Imogen Heap

Imogen Heap is developing the future of digital music


At the heart of the “future of audio” are people – inspired individuals who dare to give shape to their creative vision and artistic imagination. Decision makers who prefer to reach their audiences and customers through great audio. Audio lovers who work relentlessly on innovative projects, who redefine and recreate sound experiences that touch the very souls of their listeners. “People” is dedicated to all those musicians, artists, engineers, producers, decision makers, owners and audio designers who fill and shape our world with sensational sound.

Imogen Heap transcends borders in the studio, on the stage and in real life. She has developed musical gloves and plans to revolutionize the record industry. In London, she holds a very special concert on the stage of Westminster Central Hall where she plays her latest song, “Tiny Human,” for a very special guest.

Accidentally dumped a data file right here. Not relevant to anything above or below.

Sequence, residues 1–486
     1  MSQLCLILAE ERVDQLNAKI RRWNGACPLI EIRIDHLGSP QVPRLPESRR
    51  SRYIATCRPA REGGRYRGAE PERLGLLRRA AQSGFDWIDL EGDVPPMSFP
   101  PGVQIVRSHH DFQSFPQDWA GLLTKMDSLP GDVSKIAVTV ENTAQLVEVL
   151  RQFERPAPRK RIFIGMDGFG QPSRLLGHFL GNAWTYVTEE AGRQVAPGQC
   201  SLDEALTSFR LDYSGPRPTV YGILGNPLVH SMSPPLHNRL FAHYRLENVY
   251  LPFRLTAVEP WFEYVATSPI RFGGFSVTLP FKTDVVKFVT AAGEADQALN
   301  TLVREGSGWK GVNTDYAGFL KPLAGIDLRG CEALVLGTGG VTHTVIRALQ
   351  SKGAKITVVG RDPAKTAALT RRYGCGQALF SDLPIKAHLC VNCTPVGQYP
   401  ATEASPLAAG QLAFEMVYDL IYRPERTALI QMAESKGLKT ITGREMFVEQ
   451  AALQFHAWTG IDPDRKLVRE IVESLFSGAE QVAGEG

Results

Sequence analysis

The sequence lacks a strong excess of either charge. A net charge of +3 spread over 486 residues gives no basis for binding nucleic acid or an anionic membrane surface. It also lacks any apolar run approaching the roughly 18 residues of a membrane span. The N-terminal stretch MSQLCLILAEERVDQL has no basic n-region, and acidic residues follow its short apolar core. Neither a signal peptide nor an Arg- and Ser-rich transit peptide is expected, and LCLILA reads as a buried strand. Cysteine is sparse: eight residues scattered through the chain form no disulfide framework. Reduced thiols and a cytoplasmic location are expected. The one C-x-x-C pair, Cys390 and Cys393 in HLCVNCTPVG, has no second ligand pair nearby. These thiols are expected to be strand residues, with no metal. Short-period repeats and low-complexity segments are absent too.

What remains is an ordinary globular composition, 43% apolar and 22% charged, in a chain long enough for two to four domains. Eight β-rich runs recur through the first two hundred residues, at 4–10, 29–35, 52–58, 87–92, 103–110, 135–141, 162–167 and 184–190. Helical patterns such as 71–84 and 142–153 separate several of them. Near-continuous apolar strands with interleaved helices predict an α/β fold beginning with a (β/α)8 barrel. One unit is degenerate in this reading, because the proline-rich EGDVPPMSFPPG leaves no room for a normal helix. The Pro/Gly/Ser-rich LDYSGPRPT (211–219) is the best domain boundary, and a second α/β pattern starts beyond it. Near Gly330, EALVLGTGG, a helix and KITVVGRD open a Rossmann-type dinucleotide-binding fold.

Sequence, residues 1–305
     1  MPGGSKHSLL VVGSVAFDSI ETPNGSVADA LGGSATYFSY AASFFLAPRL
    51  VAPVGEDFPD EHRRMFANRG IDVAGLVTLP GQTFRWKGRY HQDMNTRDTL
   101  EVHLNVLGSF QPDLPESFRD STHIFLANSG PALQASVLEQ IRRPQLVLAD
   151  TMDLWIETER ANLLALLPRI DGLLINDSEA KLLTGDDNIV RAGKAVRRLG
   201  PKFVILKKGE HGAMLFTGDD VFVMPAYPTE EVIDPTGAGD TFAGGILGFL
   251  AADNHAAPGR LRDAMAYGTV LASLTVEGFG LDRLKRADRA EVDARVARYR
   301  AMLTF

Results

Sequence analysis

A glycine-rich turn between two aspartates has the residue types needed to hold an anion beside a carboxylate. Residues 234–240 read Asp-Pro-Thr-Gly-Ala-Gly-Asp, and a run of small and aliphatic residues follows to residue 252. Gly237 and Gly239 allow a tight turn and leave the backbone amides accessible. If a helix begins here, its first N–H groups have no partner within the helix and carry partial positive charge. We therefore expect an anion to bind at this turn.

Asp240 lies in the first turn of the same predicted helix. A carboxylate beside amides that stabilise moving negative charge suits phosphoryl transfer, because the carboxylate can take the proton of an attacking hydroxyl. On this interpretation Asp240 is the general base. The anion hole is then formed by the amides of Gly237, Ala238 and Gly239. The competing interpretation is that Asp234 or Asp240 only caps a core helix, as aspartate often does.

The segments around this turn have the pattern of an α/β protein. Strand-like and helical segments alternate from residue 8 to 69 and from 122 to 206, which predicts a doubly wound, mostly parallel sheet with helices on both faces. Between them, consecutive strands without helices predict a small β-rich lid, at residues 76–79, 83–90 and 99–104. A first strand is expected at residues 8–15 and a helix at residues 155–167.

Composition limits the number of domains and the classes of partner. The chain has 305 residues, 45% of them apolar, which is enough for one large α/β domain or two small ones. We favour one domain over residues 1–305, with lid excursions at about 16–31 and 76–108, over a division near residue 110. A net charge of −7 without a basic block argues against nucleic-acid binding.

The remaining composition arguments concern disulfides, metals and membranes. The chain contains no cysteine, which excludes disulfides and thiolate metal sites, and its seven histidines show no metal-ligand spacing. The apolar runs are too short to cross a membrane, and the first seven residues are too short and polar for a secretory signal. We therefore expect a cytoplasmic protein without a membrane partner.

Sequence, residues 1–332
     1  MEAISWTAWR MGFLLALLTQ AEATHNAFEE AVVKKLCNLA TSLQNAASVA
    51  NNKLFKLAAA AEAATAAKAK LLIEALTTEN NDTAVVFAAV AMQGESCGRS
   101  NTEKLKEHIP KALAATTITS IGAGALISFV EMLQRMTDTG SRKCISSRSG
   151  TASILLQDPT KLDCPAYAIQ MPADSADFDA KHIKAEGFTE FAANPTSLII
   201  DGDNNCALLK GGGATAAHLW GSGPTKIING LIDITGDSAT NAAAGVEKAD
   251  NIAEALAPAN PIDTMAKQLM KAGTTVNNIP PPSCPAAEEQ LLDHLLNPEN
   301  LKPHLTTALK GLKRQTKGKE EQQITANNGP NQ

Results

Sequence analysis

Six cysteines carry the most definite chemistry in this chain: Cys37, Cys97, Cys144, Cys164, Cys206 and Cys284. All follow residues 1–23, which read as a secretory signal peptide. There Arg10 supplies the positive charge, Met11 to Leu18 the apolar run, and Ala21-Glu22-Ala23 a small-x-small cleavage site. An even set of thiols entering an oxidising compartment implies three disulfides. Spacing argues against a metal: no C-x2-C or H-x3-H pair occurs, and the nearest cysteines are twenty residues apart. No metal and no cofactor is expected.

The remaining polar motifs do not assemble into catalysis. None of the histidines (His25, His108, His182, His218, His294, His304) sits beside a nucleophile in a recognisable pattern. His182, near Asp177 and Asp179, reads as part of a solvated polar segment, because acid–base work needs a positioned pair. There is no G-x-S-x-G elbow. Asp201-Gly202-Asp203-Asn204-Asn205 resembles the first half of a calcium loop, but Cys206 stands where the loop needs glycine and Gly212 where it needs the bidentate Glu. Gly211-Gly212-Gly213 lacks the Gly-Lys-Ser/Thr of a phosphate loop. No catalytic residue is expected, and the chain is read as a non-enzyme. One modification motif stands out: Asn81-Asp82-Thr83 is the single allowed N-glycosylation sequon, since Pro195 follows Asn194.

• Author: Simon E. Fuchs
  • Photos: Sennheiser / Philip Peine
  • Video: Sennheiser / Philip Peine
  • Editing / Post Production Philip Peine

On the third floor of Westminster Central Hall, Imogen Heap’s nine-month-old daughter Scout is asleep. Two floors down, Sennheiser's newest baby, the Sennheiser HE 1 headphone, is resting in its marble bed. Imogen Heap’s new song “Tiny Human” brings both together – it’s a song about Scout, but it also serves as the campaign song for the new Sennheiser HE 1.

„She wants to turn the music industry on its head.“

Heap knows no boundaries. In the studio, she’s a singer, songwriter and sound engineer. On stage, she sings while at the same time creating tones, delays and loops using wired gloves. She is the embodiment of innovation culture. She wants to turn the music industry on its head with her Mycelia platform and she recently became a mother.